The Latest Reality Check for Coal: A Surprising Message from West Virginia

, senior energy analyst | October 28, 2015, 3:40 pm EDT
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A news story posted yesterday in the Charleston Gazette-Mail hit my inbox at least five times this morning. The article acknowledges something we’ve been talking about for quite some time—the reality that the coal industry is simply not going to return to its heyday of years past.

What’s surprising about the piece is not the message—it’s the source. The person making this point was the president of West Virginia’s largest electric utility. It reminded me of my King Coal’s Stages of Grief series from earlier this summer, and led me to wonder, have we finally reached the acceptance phase?

Strong dose of reality

Charles Patton, the president of Appalachian Power, was speaking at the West Virginia Governor’s Energy Summit held this week at Stonewall Jackson Resort. Mr. Patton pointed out, as he has previously, that his company won’t be building any new coal plants for the foreseeable future, simply because they are more expensive than natural gas plants and even wind turbines.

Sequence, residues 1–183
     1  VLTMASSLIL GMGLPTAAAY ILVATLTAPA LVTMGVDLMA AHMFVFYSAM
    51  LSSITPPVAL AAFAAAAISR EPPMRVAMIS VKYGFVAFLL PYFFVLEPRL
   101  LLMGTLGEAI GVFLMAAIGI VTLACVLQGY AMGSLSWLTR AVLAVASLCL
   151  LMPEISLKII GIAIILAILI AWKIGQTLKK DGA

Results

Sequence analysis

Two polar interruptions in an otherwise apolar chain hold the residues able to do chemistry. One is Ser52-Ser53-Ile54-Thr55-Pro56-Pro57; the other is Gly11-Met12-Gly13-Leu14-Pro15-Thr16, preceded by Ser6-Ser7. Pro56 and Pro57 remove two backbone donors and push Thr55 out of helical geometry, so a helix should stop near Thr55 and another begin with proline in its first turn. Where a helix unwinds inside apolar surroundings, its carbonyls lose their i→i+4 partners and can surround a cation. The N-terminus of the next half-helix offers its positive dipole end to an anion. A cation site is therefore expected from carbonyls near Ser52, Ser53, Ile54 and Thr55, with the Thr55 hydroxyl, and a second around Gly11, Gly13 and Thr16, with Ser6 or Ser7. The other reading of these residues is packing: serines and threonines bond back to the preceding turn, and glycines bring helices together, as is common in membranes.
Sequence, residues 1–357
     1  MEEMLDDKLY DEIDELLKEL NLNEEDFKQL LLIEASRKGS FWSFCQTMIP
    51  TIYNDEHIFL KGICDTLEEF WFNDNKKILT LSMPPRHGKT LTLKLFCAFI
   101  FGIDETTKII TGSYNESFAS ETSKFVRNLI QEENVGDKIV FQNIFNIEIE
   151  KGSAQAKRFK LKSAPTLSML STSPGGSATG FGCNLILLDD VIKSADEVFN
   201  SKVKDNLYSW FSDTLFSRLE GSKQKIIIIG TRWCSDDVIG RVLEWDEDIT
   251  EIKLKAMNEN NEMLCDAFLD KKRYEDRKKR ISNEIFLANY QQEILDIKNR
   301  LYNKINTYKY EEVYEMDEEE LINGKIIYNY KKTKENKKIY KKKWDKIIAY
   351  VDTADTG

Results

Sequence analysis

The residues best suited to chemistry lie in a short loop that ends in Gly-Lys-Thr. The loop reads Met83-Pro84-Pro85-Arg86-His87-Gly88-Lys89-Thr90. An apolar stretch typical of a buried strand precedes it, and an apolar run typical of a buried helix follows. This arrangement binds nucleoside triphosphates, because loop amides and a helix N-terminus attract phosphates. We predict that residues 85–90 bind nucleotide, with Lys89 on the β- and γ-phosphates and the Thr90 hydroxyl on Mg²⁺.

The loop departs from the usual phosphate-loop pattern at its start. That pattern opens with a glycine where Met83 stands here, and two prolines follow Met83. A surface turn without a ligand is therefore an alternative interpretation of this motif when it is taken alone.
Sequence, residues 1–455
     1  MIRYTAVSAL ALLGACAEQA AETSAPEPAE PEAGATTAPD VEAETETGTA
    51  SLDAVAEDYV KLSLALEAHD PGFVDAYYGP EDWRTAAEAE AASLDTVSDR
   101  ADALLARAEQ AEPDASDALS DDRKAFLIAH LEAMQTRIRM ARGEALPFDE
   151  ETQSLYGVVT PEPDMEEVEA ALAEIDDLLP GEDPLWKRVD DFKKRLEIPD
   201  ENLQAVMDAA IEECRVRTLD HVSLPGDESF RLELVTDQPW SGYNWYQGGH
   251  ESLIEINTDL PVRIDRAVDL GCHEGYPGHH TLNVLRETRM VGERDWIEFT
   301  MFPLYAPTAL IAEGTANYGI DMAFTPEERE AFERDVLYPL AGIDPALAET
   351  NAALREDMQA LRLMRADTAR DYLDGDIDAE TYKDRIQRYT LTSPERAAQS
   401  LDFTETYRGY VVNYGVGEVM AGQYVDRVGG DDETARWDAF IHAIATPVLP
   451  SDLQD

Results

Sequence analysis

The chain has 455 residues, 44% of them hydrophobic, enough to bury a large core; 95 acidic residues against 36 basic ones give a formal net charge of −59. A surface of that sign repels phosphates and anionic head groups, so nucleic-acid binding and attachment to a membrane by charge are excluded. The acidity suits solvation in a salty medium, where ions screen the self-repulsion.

While he stressed his opposition to the Clean Power Plan, which sets the first ever limits on carbon dioxide emissions from existing power plants, and says he supports the lawsuits challenging it (led by West Virginia), Patton recognizes an important reality:

“With or without the Clean Power Plan, the economics of alternatives to fossil-based fuels are making inroads in the utility plan. … Companies are already making decisions today where they are moving away from coal-fired generation.”

Read that again for emphasis. The president of a coal-heavy utility in a coal-heavy state recognizes that the times they are a-changing.

The Mount Storm Power Plant

West Virginia’s Mount Storm Power Plant. Photo: Wikimedia Commons

Blaming cheaper alternatives and environmental regulations already imposed, Patton said Appalachian Power expects its coal consumption to be down by 26 percent by 2026—regardless of what happens with the Clean Power Plan.

Practical trumps political

West Virginia continues to lead the legal challenges to the Clean Power Plan, supported by 23 states. But even here in the heart of coal country, where “EPA” might as well be a four-letter word, practical considerations are beginning to take hold over political grandstanding.